Monthly Archives: September 2006

Webcameron?

I’ve been in discussions where pundits confidently declare that the benefits of the new, user-based, social communication technologies will flow disproportionately to progressive politicians.

Would that were so. The Tories in Britain are about to launch Webcameron. The Guardian reports:

The site has taken ideas on sharing video and images from YouTube.com and flickr.com, and also social networking sites such as MySpace. Steve Hilton, Mr Cameron’s closest adviser, and Sam Roake, a 26-year-old former Google staffer who is in charge of the party’s web operation, have masterminded the development of the site alongside Head, a digital agency.

“Politics is absolutely a key part of the general cultural change that the internet has brought about,” Mr Roake said. “Opening up like this involves a certain amount of risk but we’re confident that on balance it’s going to be a great thing – it heralds significant change in the way politics has been done.”

Apparently in Tory leader David Cameron’s first video blog on the site, he declares: “Watch out BBC, ITV, Channel 4, we’re the new competition. We’re a bit shaky and wobbly, but this is one of the ways we want to communicate with people properly about what the Conservative party stands for.”

I really want Gordon Brown to be the next prime minister and to crush Cameron in the next election. But Webcameron shows there are some very clever people involved with the Conservative campaign. “Shaky and wobbly” could be the new bywords for direct and authentic (however confected the product may actually be).

In Our Time is back

Truth to tell, I don’t miss London very much, even though I was a passionate Londoner for the 25-odd years I lived there. But there are some details I miss (as well as friends). Melvyn Bragg’s radio program In Our Time is one of those.

Sometimes In Our Time tries even my tolerance for pedantry, but more often than not its wide-ranging coverage of history, science and philosophy (it’s about the history of ideas, but it’s really whatever strikes Bragg’s fancy) makes me want to buy another half dozen books from Cody’s.

In Our Time has returned for a new season, and thanks to the miracle of podcasting, I can keep up. This week, Alexander von Humboldt: “Darwin described him as ‘the greatest scientific traveller who ever lived’. Goethe declared that one learned more from an hour in his company than eight days of studying books and even Napoleon was reputed to be envious of his celebrity.”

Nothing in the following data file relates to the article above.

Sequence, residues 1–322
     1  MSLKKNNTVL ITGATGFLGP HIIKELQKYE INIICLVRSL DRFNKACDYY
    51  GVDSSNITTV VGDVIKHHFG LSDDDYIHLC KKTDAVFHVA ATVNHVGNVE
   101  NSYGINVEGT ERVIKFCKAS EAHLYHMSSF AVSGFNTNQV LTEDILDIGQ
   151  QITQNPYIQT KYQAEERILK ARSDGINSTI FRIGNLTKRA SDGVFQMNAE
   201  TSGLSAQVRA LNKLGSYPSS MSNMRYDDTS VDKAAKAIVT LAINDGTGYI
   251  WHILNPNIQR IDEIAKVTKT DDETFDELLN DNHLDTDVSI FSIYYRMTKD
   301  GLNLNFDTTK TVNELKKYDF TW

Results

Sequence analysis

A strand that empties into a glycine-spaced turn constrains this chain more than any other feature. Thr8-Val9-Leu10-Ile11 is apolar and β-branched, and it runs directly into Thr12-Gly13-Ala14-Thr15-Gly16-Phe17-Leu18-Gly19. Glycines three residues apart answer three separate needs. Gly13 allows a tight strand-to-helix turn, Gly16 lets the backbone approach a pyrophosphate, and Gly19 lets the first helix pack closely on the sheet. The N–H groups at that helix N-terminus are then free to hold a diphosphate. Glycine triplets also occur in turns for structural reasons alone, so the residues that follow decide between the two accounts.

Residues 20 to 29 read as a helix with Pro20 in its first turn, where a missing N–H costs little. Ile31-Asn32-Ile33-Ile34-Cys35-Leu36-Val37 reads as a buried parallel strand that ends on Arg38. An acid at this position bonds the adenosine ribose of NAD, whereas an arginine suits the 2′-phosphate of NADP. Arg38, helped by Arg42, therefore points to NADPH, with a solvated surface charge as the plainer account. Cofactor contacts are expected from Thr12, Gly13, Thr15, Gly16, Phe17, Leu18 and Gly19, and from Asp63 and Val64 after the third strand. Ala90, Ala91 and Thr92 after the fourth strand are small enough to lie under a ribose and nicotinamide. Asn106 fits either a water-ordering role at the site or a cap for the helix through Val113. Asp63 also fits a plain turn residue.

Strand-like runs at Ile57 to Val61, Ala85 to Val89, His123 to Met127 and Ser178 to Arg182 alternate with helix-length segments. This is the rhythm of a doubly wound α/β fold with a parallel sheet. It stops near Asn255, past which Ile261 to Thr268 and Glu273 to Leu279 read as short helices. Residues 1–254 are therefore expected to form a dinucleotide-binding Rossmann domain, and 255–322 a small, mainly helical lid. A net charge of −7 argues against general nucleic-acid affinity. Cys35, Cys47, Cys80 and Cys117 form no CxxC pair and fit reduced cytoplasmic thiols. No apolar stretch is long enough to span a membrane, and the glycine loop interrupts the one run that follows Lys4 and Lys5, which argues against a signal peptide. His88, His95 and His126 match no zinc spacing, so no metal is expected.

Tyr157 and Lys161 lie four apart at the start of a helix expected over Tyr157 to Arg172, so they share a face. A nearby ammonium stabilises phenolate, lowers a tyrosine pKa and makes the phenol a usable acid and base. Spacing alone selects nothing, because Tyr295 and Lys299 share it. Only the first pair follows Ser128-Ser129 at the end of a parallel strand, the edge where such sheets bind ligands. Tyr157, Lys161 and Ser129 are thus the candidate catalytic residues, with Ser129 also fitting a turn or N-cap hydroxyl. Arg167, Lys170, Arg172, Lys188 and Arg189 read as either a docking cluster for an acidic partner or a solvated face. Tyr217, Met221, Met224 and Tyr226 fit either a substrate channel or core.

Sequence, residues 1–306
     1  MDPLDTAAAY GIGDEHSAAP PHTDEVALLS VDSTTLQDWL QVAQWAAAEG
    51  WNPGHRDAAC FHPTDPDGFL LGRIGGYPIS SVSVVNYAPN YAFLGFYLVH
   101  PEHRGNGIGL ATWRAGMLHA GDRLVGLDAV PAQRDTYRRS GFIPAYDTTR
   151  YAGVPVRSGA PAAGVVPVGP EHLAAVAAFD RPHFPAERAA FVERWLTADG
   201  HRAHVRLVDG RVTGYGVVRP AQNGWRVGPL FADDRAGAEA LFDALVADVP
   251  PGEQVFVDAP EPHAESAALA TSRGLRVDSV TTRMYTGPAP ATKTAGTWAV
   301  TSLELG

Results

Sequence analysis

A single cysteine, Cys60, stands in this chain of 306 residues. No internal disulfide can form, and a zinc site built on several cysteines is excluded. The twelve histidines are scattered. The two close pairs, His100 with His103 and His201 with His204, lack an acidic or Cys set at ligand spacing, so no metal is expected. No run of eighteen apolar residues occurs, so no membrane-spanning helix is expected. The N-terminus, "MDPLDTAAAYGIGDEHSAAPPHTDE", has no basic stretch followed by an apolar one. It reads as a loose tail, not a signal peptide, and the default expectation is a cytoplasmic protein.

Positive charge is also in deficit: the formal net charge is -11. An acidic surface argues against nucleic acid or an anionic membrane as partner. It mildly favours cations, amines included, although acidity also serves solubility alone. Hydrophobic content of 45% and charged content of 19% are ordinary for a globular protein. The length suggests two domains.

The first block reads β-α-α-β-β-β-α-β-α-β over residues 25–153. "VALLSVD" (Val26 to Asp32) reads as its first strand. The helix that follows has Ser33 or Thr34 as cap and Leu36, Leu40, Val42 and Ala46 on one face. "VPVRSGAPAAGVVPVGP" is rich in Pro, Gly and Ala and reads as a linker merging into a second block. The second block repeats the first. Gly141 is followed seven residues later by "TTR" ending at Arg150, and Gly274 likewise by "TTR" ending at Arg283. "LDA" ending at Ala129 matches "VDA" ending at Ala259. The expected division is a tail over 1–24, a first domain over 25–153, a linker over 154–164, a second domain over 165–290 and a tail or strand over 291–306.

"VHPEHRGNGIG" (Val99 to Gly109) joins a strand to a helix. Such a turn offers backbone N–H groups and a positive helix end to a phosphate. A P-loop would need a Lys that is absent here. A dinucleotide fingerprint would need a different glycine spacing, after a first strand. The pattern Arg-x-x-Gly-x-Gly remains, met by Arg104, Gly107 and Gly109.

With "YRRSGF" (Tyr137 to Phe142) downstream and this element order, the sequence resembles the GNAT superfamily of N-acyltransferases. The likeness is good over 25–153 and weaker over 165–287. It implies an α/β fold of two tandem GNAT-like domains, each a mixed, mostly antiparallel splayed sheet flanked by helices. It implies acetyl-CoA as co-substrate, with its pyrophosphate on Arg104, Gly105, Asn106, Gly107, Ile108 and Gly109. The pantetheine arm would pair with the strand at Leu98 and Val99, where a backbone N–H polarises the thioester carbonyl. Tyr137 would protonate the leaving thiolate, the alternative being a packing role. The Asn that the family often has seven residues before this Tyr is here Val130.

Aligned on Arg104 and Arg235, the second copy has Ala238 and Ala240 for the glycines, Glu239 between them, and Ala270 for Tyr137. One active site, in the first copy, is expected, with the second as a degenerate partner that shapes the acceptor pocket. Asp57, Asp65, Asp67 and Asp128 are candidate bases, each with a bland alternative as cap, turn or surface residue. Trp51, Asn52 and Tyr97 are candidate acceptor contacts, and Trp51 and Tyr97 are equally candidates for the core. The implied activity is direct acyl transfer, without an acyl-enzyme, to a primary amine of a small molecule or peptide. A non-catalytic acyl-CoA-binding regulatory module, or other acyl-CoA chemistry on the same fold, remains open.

First right move at HP

No surprise here, although the board seems to have been the only body in the country that clearly couldn’t see this coming. Patricia Dunn is leaving the HP board immediately.

I disagree with those like Dan Gillmor who reckons the Augean stables should be cleansed, but it’s a huge error for CEO Mark Hurd to take the chairmanship. Leaving aside the conflict in corporate governance (most American firms don’t seem to care about this), shouldn’t the board try as hard as it can to allow him to focus on running the business? He’ll instead need to spend an inordinate amount of time staunching the bad news, dealing with regulators, lawsuits and his own involvement in the spying scandal.

If Hurd is as involved in the scandal as some of yesterday’s news reports suggest, he may well have to go. And then where would HP be? There couldn’t be a clearer argument for a fresh, authoritative, independent chair for the corporation.

The bad news from Japan

For all the hype about China, for all of India’s current growth, Japan remains the world’s second largest economy. But just about no one talks about Japan any more. Even in my Davos days, the handful of Japan-focused sessions we scheduled were attended almost exclusively by Japanese participants. No one else wanted to know.

It doesn’t take a very long memory to recall a very different time, when books about the Japanese challenge to American dominance were business bestsellers. The all-powerful MITI (the Ministry of International Trade and Industry) was intelligently directing resources to key sectors so Japan’s leadership could continue to grow. Their companies had already swept the car industry and consumer electronics. It was only a matter of time before semiconductors, computers, finance and pharmaceuticals would yield.

The bursting of the Japanese bubble put paid to those visions. MITI was replaced in 2001 by the Ministry of Economy, Trade and Industry. There are plenty of world-beating Japanese companies, but after 15 years of economic sclerosis, no one hails the Japanese model as worthy of emulation.

I went the other night to the launch of a book that attempts to explain what went wrong – and continues to go wrong – in Japan. Michael Zielenziger’s Shutting Out the Sun is, in effect, a social psychology of a nation (I’ve known “Z” for 30-some years, since our time on The Daily Princetonian together). He examines in depth the hikikomori, the roughly 1 million Japanese that shut themselves in their bedrooms and don’t emerge, sometimes for many years. Zielenziger argues that the hikikomori are symptomatic of a nation that is choosing to retreat into its own shell.

“Japan is a monoculture in a world that needs a rainforest,” Zielenziger says. The intense focus that worked from 1945 to 1990, he argues, doesn’t work in a globalized, networked economy that provides the highest rewards to nimbleness, adaptability and innovation.